Looking around my study I have quite a few things that I’ve collected or been given over the years since I started researching (or became obsessed with!) the Tudors.
Check out some gift ideas for that Tudor-lover in your life, or just to treat yourself if the mood takes you!
One thing that I have that I particularly love are my Tudor rubber ducks – I have Henry VIII and Anne Boleyn, which were a Birthday present from my sister, and William Shakespeare, which was a lovely surprise from a good friend left on my desk at work after I handed in my Masters’ dissertation.
The Henry VIII and Anne Boleyn rubber ducks can be ordered from Hever Castle, and the Shakespeare one can be ordered direct from the manufacturer at Yarto, or there is a slightly different one sold by the RSC. Of course you can explore the rest Hever Castle’s shop online as there are plenty of gorgeous things you can give as gifts, particularly if you love Anne Boleyn.
Portcullis, greyhound, crowned Tudor rose, crowned hawthorn bush, red dragon
The portcullis is currently the symbol for parliament, an institution of justice and law, which Henry VII did revolutionise during his reign. The portcullis was also representative of his royal blood through his mother, Margaret Beaufort, as it was the symbol of her house.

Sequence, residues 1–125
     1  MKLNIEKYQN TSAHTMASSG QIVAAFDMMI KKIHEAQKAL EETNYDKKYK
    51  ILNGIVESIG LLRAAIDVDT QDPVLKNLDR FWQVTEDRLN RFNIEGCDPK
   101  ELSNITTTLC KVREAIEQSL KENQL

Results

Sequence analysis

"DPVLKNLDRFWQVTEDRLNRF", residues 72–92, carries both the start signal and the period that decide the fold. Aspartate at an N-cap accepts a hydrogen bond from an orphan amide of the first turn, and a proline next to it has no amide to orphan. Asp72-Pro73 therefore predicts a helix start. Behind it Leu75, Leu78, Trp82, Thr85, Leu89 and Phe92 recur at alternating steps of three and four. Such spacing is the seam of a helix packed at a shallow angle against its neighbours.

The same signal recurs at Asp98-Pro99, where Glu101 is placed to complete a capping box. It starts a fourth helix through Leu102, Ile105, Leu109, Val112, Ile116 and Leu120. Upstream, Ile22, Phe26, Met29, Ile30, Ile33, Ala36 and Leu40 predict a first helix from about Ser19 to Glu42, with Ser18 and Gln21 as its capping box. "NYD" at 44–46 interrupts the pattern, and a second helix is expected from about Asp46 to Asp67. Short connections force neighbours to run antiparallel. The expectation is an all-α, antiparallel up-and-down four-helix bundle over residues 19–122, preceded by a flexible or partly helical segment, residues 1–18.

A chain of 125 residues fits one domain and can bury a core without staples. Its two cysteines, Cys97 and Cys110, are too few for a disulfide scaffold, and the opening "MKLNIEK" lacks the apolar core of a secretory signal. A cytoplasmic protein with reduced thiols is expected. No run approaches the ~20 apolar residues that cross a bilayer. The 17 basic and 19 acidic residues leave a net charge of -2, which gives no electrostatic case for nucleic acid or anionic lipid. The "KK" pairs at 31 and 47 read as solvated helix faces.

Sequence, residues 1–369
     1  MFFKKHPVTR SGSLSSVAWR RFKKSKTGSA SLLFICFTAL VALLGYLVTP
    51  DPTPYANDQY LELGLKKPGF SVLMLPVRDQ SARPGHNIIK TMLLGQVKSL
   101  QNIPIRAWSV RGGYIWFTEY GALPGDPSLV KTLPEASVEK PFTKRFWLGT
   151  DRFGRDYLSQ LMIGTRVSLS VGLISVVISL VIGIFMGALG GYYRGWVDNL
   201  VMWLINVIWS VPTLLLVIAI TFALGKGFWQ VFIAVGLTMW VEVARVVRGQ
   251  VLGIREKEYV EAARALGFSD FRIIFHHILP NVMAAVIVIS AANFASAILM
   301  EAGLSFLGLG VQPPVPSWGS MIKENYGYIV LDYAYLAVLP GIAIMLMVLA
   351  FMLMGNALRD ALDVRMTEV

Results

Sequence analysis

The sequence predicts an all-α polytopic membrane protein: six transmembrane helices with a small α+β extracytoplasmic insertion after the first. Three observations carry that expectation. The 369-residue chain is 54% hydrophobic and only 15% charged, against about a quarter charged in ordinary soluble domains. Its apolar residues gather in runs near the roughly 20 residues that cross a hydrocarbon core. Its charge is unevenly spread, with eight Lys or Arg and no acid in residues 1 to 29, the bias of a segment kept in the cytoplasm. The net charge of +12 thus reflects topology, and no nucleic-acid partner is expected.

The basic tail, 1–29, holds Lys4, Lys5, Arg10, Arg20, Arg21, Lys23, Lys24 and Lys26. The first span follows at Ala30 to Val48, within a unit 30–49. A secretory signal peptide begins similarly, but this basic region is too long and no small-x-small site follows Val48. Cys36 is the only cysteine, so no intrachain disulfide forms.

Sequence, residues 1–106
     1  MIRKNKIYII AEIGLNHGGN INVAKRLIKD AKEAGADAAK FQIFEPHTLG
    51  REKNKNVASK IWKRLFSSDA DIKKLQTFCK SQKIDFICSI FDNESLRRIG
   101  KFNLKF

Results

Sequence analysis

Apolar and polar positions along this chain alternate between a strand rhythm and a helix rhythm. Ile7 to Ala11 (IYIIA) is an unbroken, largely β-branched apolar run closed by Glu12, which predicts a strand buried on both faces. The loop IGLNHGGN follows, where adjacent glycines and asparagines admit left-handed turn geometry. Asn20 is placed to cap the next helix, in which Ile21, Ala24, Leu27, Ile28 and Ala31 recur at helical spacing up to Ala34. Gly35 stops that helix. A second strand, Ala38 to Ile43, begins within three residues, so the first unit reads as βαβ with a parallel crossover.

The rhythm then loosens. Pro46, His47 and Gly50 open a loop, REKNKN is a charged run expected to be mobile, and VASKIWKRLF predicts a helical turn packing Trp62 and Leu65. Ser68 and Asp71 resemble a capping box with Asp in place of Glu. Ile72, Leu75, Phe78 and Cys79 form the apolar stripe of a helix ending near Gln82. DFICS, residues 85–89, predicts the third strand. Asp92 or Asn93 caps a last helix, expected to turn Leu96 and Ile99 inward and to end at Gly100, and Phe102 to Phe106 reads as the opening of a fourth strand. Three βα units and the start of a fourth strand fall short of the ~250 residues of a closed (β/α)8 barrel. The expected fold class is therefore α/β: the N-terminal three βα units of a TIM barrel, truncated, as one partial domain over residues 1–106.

Red is typically the colour that represents both military strength and magnanimity. The dragon represents valour and protection, and appears on the Welsh flag. This is possibly to demonstrate Henry’s Welsh roots (he was born in Wales, and the Tudor name is Welsh).
The greyhound represents courage, loyalty and vigilance. Henry VII courageously took the crown on the battlefield, and was vigilant for anyone looking to take it away from him. He appears to have been loyal to his wife, and we don’t know for sure of any illegitimate children he may have had, or even any mistresses. Continue reading “Heraldry Badges and Emblems of the Tudors”→
The Tudor rose is, of course, the most poignant symbol of the Tudor dynasty and what it stood for. The visuals are very well-known – the red rose and the white rose together. But what does it actually stand for and what is the significance of it?
Jean Plaidy in her novel, The Red Rose of Anjou imagines a scene where the roses come into play. It goes as follows:
“[Somerset] moved away from Buckingham’s restraining hand and plucking one of the red roses, the symbol of the House of Lancaster since the days of Edmund, Earl of Lancaster and brother of Edward the First, he cried out: ‘I pluck this red rose. The red rose of Lancaster. I am for Lancaster and the King.’
Warwick turned away and immediately picked a white rose – the symbol of York – the white rose worn by the Black Prince himself. He held the rose on high. ‘I pluck this white rose,’ he said. ‘The white rose of York. Let every man among us choose his rose. Continue reading “The Tudor Rose”→